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Pricey remedy for baby’s ‘flat head’ is no help, study says

Pricey remedy for baby’s ‘flat head’ is no help, study says

Source: Seattle Times

Pediatricians have long urged parents to put newborns to sleep on their backs to help prevent sudden infant death syndrome. While the practice undoubtedly has saved lives, it also has increased the numbers of babies with flattened skulls. Roughly 1 baby in 5 under the age of 6 months develops a skull deformation caused by lying in a supine position. Now a study has found that a common remedy for the problem, a pricey custom-made helmet worn by infants, in most cases produces no more improvement in skull shape than doing nothing at all. The new report, published May 1 in the journal BMJ (formerly the British Medical Journal), is the first randomized trial of the helmets. The authors found “virtually no treatment effect,” said Dr. Brent R. Collett, an investigator at Seattle Children’s Research Institute and author of an accompanying editorial.

About Seattle Children’s

Seattle Children’s Hospital, Foundation and Research Institute together deliver superior patient care, advance new discoveries and treatments through pediatric research, and raise funds to create better futures for patients. Consistently ranked as one of the top 10 children’s hospitals in the country by U.S. News & World Report, Seattle Children’s Hospital specializes in meeting the unique physical, emotional and developmental needs of children from infancy through young adulthood. Through the collaboration of physicians in nearly 60 pediatric subspecialties, Seattle Children’s Hospital provides inpatient, outpatient, diagnostic, surgical, rehabilitative, behavioral, and emergency and outreach services to families from around the world.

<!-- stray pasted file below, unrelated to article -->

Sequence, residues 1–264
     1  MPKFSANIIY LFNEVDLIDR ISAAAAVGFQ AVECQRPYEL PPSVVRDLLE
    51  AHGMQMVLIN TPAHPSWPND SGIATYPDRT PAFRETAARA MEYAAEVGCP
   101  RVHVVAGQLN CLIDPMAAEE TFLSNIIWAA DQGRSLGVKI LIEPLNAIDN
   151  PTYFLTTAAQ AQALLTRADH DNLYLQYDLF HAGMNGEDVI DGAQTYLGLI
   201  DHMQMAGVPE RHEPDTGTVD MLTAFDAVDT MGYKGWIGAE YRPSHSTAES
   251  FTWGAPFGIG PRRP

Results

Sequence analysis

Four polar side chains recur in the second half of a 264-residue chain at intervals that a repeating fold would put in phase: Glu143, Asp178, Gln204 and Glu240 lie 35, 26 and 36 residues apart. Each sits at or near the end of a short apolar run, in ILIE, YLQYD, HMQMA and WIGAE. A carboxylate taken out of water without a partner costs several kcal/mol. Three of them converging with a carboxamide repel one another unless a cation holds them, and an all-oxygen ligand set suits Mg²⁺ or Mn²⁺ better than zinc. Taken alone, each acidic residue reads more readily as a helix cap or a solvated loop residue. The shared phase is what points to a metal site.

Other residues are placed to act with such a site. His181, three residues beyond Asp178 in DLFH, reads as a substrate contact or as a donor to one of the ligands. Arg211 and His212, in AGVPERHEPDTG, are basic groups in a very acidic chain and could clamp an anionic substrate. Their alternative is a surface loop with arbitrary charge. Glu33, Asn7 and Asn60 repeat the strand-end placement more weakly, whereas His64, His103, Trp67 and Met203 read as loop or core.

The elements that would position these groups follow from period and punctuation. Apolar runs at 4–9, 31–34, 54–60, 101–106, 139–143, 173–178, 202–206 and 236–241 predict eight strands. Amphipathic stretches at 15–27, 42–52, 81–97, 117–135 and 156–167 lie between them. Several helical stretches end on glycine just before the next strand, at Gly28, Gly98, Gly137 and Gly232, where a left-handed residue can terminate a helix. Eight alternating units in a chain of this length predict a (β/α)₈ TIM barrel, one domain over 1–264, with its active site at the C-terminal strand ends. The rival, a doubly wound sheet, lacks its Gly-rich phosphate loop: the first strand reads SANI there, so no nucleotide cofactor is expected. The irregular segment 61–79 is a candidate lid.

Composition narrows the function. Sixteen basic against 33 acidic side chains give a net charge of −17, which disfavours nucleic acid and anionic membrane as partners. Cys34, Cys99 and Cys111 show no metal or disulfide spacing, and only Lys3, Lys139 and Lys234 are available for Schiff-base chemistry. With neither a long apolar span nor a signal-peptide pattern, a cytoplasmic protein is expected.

Located in downtown Seattle’s biotech corridor, Seattle Children’s Research Institute is pushing the boundaries of medical research to find cures for pediatric diseases and improve outcomes for children all over the world. Internationally recognized investigators and staff at the research institute are advancing new discoveries in cancer, genetics, immunology, pathology, infectious disease, injury prevention, bioethics and much more.

Seattle Children’s Hospital and Research Foundation and Seattle Children’s Hospital Guild Association work together to gather community support and raise funds for uncompensated care, clinical care and research. The foundation receives nearly 80,000 gifts each year, from lemonade stand proceeds to corporate sponsorships. Seattle Children’s Hospital Guild Association is the largest all-volunteer fundraising network for any hospital in the country, serving as the umbrella organization for 450 groups of people who turn an activity they love into a fundraiser. Support from the foundation and guild association makes it possible for Seattle Children’s care and research teams to improve the health and well-being of all kids.

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